Level 3 maintains lead over Verizon amid roiling competitive Ethernet segment

With tw telecom firmly under its belt, Level 3 has maintained its lead over Verizon (NYSE: VZ) and a host of traditional competitive providers in the Ethernet race.

The service provider's movement was clearly reflected in its fourth quarter earnings where it reported that core network services (CNS) revenues rose 6 percent year-over-year to $1.94 billion from $1.89 billion. Within the CNS segment Enterprise was the clear star with revenues jumping 6 percent to $1.4 billion.

Rosemary Cochran, principal of Vertical Systems Group, told FierceTelecom that Level 3, which took the top spot on the research firm's 2015 U.S. Competitive Provider Ethernet Leaderboard, bolstered its position by acquiring tw telecom.

"Level 3 is the major player here and account for a great portion of that piece by virtue of its purchase of tw telecom," Cochran said. "It's pretty substantial."

In addition to bolstering its North American Ethernet reach, the service provider recently announced it expanded its metro Ethernet 2.0 services into 27 new European markets.

The business services-focused move is part of a broader expansion effort Level 3 has slated for the Europe, Middle East and Africa regions in 2016. Level 3 plans to expand Ethernet into an additional 15 EMEA locations later this year, all of which are connected to their network.

"Their goal is to have a consistent platform worldwide and their presence in Europe wasn't as strong as it was in South America and with the tw telecom acquisition they deepened their U.S. presence," Cochran said. "Now a lot of the U.S. based multinationals have an outlet as well with their ability to sell into that market."

Trailing Level 3 and XO Communications are Cogent Communications and Zayo Group, which took the third and fourth spots.

XO, which is in the process of selling its fiber network to Verizon, has held fast in the competitive Ethernet market by selling a mix of Ethernet over Copper and fiber-based Ethernet.

Prior to Verizon announcing its deal to acquire the company's fiber assets, XO launched an initiative in 2014 to invest up to $500 million to grow its nationwide network.

Under that plan, the service provider completed fiber construction projects into nearly 550 enterprise buildings across 25 regional markets. At the time Verizon announced its acquisition of the fiber network, XO had over 4,000 on-net fiber fed buildings.

"There aren't that many buildings, but there is a lot of metro fiber," Cochran said. "One of the issues XO faces is scale as most of their Ethernet connections are over copper so you max out at some point."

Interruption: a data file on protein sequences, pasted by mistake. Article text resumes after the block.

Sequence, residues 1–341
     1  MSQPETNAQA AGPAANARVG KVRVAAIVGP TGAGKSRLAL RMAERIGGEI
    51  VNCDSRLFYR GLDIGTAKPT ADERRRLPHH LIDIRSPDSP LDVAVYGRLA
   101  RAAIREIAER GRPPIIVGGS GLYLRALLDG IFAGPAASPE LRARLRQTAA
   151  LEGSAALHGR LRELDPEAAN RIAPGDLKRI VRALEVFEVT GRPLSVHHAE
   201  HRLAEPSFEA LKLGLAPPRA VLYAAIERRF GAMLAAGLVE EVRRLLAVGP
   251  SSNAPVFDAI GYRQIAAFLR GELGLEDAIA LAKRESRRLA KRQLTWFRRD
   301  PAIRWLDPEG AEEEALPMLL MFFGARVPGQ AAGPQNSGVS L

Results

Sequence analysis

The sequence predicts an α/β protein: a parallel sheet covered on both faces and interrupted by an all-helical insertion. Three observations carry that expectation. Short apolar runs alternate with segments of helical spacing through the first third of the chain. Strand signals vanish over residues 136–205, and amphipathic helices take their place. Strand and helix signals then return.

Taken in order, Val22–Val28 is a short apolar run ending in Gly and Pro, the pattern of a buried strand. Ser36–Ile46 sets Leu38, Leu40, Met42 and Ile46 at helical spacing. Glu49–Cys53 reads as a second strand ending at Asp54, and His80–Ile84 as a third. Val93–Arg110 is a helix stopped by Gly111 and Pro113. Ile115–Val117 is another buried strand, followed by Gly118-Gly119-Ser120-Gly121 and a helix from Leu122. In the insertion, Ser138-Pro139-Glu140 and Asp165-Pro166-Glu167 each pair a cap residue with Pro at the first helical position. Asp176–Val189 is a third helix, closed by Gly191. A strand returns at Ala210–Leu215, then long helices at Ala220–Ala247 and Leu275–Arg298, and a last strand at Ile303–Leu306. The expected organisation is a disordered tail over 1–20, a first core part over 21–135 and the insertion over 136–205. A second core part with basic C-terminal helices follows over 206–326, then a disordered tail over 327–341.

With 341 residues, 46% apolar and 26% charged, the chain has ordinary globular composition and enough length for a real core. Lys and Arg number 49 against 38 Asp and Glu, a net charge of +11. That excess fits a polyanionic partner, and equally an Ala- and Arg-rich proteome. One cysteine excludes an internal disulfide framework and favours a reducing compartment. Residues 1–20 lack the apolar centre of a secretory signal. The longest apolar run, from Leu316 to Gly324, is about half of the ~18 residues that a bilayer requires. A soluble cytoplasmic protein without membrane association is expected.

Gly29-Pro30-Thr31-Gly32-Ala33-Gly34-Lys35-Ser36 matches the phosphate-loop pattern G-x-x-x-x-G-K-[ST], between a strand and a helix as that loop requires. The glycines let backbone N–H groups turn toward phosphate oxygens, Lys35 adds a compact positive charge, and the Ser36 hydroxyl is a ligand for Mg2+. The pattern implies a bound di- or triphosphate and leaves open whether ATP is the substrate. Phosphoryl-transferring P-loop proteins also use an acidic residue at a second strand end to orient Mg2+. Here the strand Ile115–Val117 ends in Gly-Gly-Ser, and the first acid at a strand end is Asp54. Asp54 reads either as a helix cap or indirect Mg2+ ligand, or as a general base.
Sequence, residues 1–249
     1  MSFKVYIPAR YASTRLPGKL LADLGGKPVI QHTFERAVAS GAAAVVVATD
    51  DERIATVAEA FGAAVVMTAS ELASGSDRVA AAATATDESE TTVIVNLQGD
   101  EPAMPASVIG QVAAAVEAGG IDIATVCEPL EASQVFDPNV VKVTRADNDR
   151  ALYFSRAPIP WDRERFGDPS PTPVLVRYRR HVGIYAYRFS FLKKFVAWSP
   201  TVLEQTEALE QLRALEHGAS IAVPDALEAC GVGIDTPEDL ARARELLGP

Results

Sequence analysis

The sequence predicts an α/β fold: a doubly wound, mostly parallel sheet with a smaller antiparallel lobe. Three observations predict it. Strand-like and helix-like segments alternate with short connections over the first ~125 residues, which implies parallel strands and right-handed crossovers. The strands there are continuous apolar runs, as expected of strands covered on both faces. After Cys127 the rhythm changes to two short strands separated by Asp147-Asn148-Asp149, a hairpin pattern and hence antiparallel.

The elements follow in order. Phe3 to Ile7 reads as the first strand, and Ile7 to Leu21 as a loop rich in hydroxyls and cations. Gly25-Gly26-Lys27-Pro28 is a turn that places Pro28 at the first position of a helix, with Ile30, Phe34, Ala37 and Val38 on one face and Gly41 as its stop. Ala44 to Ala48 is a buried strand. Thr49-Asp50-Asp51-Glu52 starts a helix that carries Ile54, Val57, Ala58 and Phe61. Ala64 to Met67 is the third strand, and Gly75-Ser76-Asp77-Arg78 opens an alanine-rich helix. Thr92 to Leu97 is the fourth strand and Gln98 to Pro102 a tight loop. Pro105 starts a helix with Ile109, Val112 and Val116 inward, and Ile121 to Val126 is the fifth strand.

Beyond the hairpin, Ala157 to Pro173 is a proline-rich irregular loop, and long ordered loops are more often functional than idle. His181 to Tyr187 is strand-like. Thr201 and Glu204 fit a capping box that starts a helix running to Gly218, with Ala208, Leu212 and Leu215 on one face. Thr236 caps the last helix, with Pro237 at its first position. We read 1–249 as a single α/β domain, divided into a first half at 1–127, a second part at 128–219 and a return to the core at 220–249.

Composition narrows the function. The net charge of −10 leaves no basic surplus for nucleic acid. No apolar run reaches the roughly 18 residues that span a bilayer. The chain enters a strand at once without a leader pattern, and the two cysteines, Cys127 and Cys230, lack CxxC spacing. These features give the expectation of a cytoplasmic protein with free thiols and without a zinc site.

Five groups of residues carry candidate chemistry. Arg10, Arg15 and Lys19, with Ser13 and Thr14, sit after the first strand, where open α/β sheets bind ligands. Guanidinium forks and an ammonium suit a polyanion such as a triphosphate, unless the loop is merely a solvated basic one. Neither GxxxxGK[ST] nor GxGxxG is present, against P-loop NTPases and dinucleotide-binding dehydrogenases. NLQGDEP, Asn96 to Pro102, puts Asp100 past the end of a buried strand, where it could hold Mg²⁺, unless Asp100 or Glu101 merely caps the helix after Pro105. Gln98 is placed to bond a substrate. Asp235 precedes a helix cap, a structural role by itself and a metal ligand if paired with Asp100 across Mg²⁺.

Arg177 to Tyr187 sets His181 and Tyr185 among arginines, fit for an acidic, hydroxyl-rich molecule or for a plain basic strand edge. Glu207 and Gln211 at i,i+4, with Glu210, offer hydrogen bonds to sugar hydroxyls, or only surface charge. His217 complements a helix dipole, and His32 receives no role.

Meanwhile, Zayo has continued to ramp up its fiber and Ethernet connectivity in the U.S. and increasingly in Europe and Canada through targeted acquisitions.

These acquisitions make it challenging for Zayo in the near term as the company weaves those operations into its own.

"Zayo has one of the biggest fiber networks on the competitive side, but it's a lot of different companies," Cochran said.

Cochran added that Zayo's movement into Europe and Canada via acquisitions such as AboveNet and Allstream will make it more appealing to large multinational companies that need access outside of the United States.

"Some of their international acquisitions do affect the U.S. business because if you're a multinational company, the first step is Europe and Zayo didn't have the European presence that AT&T and Verizon has," Cochran said. "Being able to do non-U.S. connections is important."

With about 70 players competing against traditional incumbents, the competitive segment is one of the most diverse in the U.S. Ethernet market.

"This includes small regional companies, international companies like Telstra and Orange that are selling in the U.S. market so it's really the most diverse of the segments because they all focus on different types of things," Cochran said.

Unlike the ILECs and cable operators, Cochran said that all of the players use a large mix of access technologies, including copper and fiber technologies to deliver speeds up to 100 Gbps.

"One thing in particular is that you have some players that only use copper access and others using all fiber and everything in between in terms of what's being offered in one area," Cochran said.

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